After Google’s penalty, a domino effect took place, and sites that had been purchasing links from high page rank sites suddenly found their most expensive inbound links to no longer have the same ranking impact that they once did.
Amid cries of “foul” from the search marketing community, Google stuck to their guns, and the purchasing of links for the purpose of gaining search rankings has now been driven largely underground.
In fact, unless you know a lot of people in a close-knit community, some might say it’s more work to buy links than to create something of value that will attract links naturally.
Private deals can of course still be made with webmasters and businesses, but the networks of text link brokers have been rendered largely irrelevant. Businesses spending tens or even hundreds of thousands of dollars annually purchasing links suddenly found themselves with the daunting task of retaining their rankings legitimately.
Today, in mid-2008, it’s more important than ever to have what I call a “linkworthy” website. Business owners have to get much more creative in order to attract attention of other authoritative sites in the hopes of gaining inbound link.
Last week I attended the Elite Retreat, and nearly every speaker continued to drive home the point of creativity, originality, quality, and engaging your audience at their level as becoming more important than ever. Writing content that THESE communities will eat up and vote for is the key.
Social networking master Neil Patel has a lightning quick imagination, and I used my one-on-one time with him to get some ideas for a few industries.
One example he came up with that I’ll share was when I told him I needed an idea for a dull and boring website that dealt with identity theft. Yawn…
Other than the horror stories and preventative measures, which we’ve beaten to death already, how can something compelling be created that will generate buzz?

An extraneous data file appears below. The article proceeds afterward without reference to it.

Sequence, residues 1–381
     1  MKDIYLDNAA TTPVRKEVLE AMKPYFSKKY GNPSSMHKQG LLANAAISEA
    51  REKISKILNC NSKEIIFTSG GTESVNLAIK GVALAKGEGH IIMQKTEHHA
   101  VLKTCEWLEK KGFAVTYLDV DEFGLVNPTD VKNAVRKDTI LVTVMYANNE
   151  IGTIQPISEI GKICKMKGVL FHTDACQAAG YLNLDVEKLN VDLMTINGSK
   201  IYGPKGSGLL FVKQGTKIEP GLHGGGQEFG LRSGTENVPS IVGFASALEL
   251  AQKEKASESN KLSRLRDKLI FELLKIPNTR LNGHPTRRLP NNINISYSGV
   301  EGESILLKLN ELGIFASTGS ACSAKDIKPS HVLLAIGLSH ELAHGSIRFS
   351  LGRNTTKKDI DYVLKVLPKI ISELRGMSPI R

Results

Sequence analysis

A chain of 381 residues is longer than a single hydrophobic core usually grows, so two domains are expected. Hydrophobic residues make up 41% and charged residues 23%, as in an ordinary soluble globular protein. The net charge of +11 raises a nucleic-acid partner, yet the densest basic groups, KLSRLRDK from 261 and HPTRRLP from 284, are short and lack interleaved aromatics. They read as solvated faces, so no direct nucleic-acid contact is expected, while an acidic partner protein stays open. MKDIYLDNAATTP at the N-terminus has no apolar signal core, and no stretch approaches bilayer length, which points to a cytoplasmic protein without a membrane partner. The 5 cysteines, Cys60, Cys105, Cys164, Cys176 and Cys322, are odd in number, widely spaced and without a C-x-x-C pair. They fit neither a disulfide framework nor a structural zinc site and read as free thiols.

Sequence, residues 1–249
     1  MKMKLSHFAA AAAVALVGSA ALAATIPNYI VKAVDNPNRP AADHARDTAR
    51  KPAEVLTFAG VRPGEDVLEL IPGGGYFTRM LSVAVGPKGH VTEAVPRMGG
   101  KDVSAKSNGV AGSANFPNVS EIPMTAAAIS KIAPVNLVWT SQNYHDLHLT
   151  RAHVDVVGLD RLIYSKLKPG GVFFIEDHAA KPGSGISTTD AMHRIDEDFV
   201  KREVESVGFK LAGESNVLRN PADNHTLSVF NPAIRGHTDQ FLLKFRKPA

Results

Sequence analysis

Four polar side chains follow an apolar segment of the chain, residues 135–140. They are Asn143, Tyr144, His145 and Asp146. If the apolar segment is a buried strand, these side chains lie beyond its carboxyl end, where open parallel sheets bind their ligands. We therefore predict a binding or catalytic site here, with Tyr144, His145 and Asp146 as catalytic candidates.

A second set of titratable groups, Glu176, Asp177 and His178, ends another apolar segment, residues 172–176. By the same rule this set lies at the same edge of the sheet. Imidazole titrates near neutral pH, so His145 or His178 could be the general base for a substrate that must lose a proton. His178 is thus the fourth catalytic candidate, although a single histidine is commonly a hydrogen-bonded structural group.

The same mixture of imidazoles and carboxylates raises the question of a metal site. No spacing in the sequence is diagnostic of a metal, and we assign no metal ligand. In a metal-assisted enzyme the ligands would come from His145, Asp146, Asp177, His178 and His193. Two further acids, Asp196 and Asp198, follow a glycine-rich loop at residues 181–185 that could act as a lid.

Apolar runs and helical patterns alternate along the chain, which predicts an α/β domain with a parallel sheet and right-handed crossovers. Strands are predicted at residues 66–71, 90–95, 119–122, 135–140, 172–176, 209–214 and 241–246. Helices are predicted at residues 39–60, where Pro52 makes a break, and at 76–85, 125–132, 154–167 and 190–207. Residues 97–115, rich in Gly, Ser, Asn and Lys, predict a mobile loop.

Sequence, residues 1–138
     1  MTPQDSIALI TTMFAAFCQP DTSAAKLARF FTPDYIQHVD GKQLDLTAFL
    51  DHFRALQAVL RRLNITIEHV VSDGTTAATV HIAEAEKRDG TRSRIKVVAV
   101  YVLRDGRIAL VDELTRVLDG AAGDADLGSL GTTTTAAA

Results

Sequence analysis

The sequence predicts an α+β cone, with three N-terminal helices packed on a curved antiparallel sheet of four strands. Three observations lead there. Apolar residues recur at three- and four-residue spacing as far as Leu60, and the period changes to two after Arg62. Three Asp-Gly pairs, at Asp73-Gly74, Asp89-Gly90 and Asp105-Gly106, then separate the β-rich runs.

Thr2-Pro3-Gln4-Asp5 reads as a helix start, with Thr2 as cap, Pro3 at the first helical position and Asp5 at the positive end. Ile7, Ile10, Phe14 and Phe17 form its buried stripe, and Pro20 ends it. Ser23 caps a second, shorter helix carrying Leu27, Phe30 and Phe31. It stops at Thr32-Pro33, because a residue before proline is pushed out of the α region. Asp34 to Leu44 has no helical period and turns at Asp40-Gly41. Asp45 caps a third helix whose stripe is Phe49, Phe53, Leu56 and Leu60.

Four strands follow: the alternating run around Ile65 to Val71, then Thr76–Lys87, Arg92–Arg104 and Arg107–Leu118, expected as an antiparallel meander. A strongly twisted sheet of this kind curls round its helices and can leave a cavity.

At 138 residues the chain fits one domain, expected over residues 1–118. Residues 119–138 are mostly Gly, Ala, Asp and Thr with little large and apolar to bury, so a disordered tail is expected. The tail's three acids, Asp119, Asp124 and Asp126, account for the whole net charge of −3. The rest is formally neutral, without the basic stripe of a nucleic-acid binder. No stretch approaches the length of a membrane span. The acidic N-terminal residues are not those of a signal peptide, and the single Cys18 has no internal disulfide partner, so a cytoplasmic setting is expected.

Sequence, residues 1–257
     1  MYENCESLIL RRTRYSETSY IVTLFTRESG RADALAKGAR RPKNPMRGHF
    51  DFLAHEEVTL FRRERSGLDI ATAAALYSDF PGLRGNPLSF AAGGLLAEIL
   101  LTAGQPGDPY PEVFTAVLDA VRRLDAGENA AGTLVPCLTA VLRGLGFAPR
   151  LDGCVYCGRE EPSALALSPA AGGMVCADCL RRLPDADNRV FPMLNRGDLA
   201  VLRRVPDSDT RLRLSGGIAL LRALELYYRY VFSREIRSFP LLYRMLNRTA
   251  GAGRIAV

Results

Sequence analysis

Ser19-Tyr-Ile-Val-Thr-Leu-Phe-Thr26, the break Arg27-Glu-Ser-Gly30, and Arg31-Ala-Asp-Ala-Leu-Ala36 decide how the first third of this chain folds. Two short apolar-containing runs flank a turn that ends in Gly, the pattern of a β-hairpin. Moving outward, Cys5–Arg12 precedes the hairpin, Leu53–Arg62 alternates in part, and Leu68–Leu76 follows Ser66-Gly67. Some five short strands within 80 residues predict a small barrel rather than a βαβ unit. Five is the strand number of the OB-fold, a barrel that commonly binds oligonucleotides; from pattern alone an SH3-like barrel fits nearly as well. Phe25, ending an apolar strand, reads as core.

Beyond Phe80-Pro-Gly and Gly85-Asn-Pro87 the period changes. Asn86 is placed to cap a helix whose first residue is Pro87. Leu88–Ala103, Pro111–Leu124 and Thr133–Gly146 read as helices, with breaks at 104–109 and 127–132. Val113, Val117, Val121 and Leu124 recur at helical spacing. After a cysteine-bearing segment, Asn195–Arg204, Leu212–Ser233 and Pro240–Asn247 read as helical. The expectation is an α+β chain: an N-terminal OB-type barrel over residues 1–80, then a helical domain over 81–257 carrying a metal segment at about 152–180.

Neil’s answer came in a heartbeat – Create a step by step document about “How to Steal Someone’s Identity”. Simple, yet brilliant, and dead on point.
By thinking completely out of the box, you should be able to find something you can do creatively that will not only benefit your readers, but will in turn generate buzz, and ultimately some inbound links.
Back in 2006, I wrote an article called “Link building tips – What will do the trick?” and it’s now even more relevant than ever. The goal of that article was to stimulate creativity in the minds of site owners and advertising executives to create something truly linkworthy on their websites or elsewhere.
Now however, with
dozens hundreds of social networking and bookmarking sites that can also host content, your ideas can spread faster than ever, and be seen by an even wider audience.
There’s an opportunity to create something ever so loosely related to your main website, and by hosting that content elsewhere, you have much more more freedom to be imaginative.
An identity theft protection service certainly cannot put “How to Steal Someone’s Identity” on their own website, but they can write that article and put it elsewhere. Do you think that might get a few Diggs?
At the bottom of the article, you can have an author biography box that talks about being an expert in the field of identity theft, with a link back to your site, and maybe even have a banner ad on the page.
An even better option might be writing that article with a pen name, then leaving the FIRST comment with your real name, adding a counterpoint or argument, putting your backlink there, to your real business, which is PREVENTING identity theft.
You can even show outrage at the author for providing such dangerous and irresponsible information. Then you’ve disassociated your business from writing “How to Steal Someones Identity”, but you’ve still got your link on that page.
Is that ethical? Is it right? Well that’s up to you, and this example is only here for illustrative purposes, and personally, I’d never do that… Nor would I write “10 ways to get Away with Arson” for a fire extinguisher company, or “How to Get Away with Cheating on Your Spouse” for a private detective. – 😉
The high volume of community users can cause your idea or content to spread like wildfire, and your own site is going to benefit in both traffic and backlinks, as your information spreads virally.
Some marketers got this concept as far back as 2005, and many of the rest of us have come to our senses over the past couple of years.
Create something newsworthy, something funny, something valuable, something controversial, something helpful, or something shocking, but above all, create something genuine, and “think outside the link”.
Scott Hendison is a founding board member of SEMpdx, and is the CEO of Search Commander, Inc.